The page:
Price items according to students’ instructional needs. If you just introduced money, keep prices low and easy to count. This provides counting practice and builds number sense. As students become proficient counters, increase the prices and have students add more complex numbers. You can also add dollars and cents to increase difficulty.
Add functional text forms to incorporate reading and writing standards into the market. Simple items such as shopping lists, receipts and inventory check-lists require students to read and write a variety of functional text, an important component of informational text.
Golden Keys to Success Behavior Management
I use the Golden Keys to Success Behavior Management Plan to build character, promote self-monitoring, ensure high behavior expectations, and provide daily home-school communication. In this program, there are 5 Keys that teach important life skills and qualities that students need to become successful citizens. Under each key are specific behavior indicators; each indicator is explicitly taught, modeled, and practiced the first week of school. This bulletin board is in a prominent location in the front of my classroom.
Hoot & Holler For Student Work:
Students love to see their work displayed! I have 2 large bulletin boards centered solely on student work. I made the paper using turquoise watercolor paint, water and white butcher block paper. I love the watercolor effect. I added laminated orange cardstock squares as a backdrop for student work. I change this board frequently to display our learning.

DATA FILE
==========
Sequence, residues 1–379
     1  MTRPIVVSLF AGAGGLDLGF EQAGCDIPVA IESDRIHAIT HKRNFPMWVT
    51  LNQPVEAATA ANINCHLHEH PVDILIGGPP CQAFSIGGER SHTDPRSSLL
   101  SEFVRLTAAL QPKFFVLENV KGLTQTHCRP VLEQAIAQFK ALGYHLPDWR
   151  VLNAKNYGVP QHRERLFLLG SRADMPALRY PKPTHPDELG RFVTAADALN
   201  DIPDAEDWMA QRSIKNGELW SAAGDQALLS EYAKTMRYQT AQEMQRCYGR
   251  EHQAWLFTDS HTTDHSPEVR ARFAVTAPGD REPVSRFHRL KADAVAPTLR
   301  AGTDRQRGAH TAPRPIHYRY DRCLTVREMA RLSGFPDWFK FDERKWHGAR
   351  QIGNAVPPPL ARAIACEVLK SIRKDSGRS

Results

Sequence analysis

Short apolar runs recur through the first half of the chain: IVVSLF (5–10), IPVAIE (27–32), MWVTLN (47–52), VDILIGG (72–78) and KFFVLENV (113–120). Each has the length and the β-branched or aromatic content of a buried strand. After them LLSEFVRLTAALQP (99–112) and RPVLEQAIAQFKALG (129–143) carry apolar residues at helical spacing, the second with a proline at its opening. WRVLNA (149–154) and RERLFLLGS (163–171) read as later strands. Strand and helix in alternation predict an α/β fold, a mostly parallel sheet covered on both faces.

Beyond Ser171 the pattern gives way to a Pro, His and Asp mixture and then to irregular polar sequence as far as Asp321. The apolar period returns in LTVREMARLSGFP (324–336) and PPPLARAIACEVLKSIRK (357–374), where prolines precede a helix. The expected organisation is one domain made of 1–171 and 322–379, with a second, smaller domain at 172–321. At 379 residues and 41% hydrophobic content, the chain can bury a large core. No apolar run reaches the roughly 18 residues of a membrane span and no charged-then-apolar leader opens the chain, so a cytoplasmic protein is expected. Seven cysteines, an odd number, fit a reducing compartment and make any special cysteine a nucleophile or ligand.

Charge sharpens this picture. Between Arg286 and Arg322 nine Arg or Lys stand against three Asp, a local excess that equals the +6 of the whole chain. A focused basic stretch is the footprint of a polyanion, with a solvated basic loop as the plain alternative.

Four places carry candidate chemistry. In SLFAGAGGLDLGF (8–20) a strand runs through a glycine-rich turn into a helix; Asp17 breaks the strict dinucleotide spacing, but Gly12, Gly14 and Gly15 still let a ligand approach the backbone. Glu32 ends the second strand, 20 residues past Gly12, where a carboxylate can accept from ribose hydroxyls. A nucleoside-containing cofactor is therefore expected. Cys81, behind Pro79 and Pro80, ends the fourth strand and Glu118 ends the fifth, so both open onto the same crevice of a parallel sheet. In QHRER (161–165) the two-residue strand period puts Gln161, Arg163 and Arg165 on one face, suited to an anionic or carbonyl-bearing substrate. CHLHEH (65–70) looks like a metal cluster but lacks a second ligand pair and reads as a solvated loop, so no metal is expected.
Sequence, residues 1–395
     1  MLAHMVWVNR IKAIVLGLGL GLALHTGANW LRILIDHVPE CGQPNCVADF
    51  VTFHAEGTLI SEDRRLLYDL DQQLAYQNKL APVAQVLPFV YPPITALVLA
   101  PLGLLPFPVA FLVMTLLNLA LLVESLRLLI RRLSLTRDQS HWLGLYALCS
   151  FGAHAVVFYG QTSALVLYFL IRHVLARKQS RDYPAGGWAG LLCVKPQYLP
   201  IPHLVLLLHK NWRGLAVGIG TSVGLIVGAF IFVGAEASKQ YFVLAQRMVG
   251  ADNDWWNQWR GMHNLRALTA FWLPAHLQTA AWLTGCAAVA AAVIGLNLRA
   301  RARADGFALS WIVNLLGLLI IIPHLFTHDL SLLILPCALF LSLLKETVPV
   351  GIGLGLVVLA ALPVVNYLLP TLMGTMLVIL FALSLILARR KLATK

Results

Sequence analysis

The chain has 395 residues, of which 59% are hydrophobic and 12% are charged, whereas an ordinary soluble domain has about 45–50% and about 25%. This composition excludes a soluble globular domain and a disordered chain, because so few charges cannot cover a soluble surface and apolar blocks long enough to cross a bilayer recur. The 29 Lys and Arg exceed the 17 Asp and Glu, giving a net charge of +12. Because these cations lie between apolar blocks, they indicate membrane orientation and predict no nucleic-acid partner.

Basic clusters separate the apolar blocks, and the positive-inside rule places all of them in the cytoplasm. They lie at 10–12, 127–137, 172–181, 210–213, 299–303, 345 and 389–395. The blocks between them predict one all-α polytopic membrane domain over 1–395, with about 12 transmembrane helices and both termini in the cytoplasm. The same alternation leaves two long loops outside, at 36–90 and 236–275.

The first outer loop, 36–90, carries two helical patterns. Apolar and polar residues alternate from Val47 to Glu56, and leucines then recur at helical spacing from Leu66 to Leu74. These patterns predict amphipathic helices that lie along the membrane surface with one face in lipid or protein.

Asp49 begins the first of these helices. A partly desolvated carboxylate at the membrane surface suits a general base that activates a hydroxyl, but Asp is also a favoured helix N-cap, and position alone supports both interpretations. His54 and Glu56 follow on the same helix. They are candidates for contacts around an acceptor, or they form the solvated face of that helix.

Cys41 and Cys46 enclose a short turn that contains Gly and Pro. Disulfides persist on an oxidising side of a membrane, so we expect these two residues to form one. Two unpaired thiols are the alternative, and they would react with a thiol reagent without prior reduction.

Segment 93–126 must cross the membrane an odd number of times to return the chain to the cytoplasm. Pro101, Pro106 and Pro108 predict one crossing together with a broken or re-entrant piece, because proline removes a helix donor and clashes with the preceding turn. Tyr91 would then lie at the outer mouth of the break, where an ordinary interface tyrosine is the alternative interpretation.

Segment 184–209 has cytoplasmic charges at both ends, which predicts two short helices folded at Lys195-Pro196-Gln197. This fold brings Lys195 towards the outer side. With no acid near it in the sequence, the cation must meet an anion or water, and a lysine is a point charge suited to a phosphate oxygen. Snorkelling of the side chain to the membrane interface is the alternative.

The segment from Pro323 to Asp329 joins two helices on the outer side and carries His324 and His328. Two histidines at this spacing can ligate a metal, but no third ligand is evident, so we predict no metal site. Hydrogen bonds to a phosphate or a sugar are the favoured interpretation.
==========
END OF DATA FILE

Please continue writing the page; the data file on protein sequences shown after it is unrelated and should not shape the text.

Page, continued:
During our Charlotte’s Web unit, students analyzed Wilbur’s character traits, citing evidence from the text. They each chose a character trait and painted these pig portraits with the trait and textual evidence listed below.
Keep Calm & Teach On Board
We’ve all had that dreadful teacher moment–the time when a student vomits all over you or your behaviorally-challenged student forgets his meds during a full moon. It’s that moment that sends shivers down your spine, makes you question your career choice and urges you to head for the hills and never look back. However, those 25 bright, shiny faces are staring at you, waiting for your reaction and depending on you to remain cool, calm and collected.